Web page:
Will dividend investing still be worth it in the future? It’s one of the questions I asked myself when I read a newspaper article last week about a proposal to dramatically increase dividend tax to enable the Belgian government to lower the corporate tax.

Dividend taxation in Belgium is already quite high, we pay 27 percent tax and there are no exemptions or tax credits. What makes it even worse is that most foreign dividends are double-taxed, dividends from US companies for instance get taxed 15 percent in the US plus another 27 percent in Belgium, resulting in a total tax rate of 37.95 percent.

Dividend taxation in Belgium used to be lower but recent governments have steadily increased the base rate, while also eliminating certain more favorable rates, in effort to raise more taxes. More taxation is on the horizon as our government is constantly in need of more money to balance the budget, but there are also plans to reduce the base rate of the corporate tax. The latter seems good on the surface but unfortunately it could be pretty bad for me.

While Belgium has a high corporate tax rate of 33.99 percent, the effective tax rate can be a lot lower due to measures like the notional interest deduction, the latter saves companies billions in taxes. Some politicians hope to reduce the base rate to 25 percent or even to 20 percent but this is going to require a lot of money. The High Council of Finance calculated that lowering the corporate tax rate to these levels would require the elimination of the notional interest deduction as well as much higher dividend taxation.

So what kind of rates are we talking about? A recent article in De Tijd explained dividend taxation would have to increase to 34 percent or perhaps even as much as 38 percent! Should this come to pass, I would have to reconsider my dividend investing strategy, especially because my portfolio contains mostly foreign companies.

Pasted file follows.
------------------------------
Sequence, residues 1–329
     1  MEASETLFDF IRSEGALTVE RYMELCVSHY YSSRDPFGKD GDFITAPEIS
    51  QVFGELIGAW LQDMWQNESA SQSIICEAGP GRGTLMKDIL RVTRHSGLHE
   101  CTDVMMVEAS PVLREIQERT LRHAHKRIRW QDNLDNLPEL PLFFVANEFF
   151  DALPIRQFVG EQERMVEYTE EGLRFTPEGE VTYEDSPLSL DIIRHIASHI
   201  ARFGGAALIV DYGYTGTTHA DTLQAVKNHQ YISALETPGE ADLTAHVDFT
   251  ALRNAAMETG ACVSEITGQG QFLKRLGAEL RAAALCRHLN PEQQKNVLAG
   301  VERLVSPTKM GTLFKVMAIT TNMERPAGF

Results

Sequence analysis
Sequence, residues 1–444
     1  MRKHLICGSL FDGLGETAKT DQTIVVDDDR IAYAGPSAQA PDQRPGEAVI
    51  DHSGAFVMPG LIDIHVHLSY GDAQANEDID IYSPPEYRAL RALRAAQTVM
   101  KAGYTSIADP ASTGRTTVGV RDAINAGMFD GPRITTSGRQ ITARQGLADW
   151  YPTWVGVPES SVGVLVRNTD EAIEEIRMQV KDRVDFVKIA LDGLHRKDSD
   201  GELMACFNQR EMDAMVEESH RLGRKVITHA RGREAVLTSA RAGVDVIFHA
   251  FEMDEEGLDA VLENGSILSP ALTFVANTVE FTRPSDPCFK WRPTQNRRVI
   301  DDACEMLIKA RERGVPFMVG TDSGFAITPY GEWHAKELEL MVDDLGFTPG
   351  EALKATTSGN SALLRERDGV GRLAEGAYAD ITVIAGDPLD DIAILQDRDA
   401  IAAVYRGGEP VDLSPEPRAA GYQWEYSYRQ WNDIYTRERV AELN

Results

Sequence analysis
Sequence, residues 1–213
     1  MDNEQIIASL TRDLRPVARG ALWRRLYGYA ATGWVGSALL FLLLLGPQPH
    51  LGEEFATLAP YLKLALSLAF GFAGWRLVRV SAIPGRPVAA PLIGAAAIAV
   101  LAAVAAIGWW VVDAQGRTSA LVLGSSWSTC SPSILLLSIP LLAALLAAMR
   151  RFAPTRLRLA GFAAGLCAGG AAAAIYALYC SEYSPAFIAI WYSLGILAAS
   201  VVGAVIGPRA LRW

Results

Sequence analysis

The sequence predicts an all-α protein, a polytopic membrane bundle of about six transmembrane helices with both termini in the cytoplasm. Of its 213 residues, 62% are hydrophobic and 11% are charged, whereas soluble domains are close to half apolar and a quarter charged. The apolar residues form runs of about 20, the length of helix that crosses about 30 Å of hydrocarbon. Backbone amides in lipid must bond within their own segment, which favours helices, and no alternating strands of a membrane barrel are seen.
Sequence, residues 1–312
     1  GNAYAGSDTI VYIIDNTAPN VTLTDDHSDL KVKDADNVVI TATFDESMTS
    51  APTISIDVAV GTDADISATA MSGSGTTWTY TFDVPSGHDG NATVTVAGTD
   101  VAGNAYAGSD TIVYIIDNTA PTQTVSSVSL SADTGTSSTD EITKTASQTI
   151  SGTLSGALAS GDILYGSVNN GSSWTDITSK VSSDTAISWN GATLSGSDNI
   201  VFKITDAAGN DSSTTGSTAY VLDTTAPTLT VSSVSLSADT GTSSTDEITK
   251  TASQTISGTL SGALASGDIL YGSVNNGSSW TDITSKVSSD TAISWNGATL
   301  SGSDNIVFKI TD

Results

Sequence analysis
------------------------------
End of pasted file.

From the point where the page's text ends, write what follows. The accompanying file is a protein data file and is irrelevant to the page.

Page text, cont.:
It could be just a false alarm, but I’m afraid taxation is a potentially big headwind.

Finished a book: Dream Big
I finally finished reading Dream Big, a book that describes the rise to success of Jorge Paulo Lemann, Marcel Telles and Beto Sicupira, aka the Brazilian trio behind 3G capital. It’s an enjoyable story that details where these men came from and how they achieved the seemingly impossible. It goes into detail about how the trio formed their unique partnership and how they developed their remarkable management style that focuses heavily on frugality and meritocracy.

Most of the book deals with how they build up Garantia and transformed companies like Brazilian retail chain Lojas Americanas and beer maker Brahma. One of the reasons I was interested in reading this book was to learn more about how AB InBev became what it is today but unfortunately the book wasn’t as detailed as I hoped.

There’s a lot of information about how AmBev was created via the merger of Brahma and Antarctica, and how Interbrew merged with AmBev to create InBev, but beyond that the brevity of the book was remarkable. Among other things, I was hoping for a lot more information about the creation of AB InBev, as well as details about the improvements they made but in these areas the book is rather light.

Next on the list is One Up On Wall Street by Peter Lynch.


July 2016 dividend income report

Not a lot of time to write a beefier post so I’m going to keep this report brief.

Here’s an overview of all dividends I received in July 2016:

  • Coca Cola: 9.58EUR
  • Royal Dutch Shell: 26.70EUR
  • Philip Morris: 51.74EUR
  • GlaxoSmithKline: 26.64EUR
  • General Electric: 6.36EUR

As usual, the dividend of my London-listed RDSB shares arrived a couple of days late. Adding it all up results in a monthly dividend income of 121.02EUR, the fourth triple-digit figure in a row.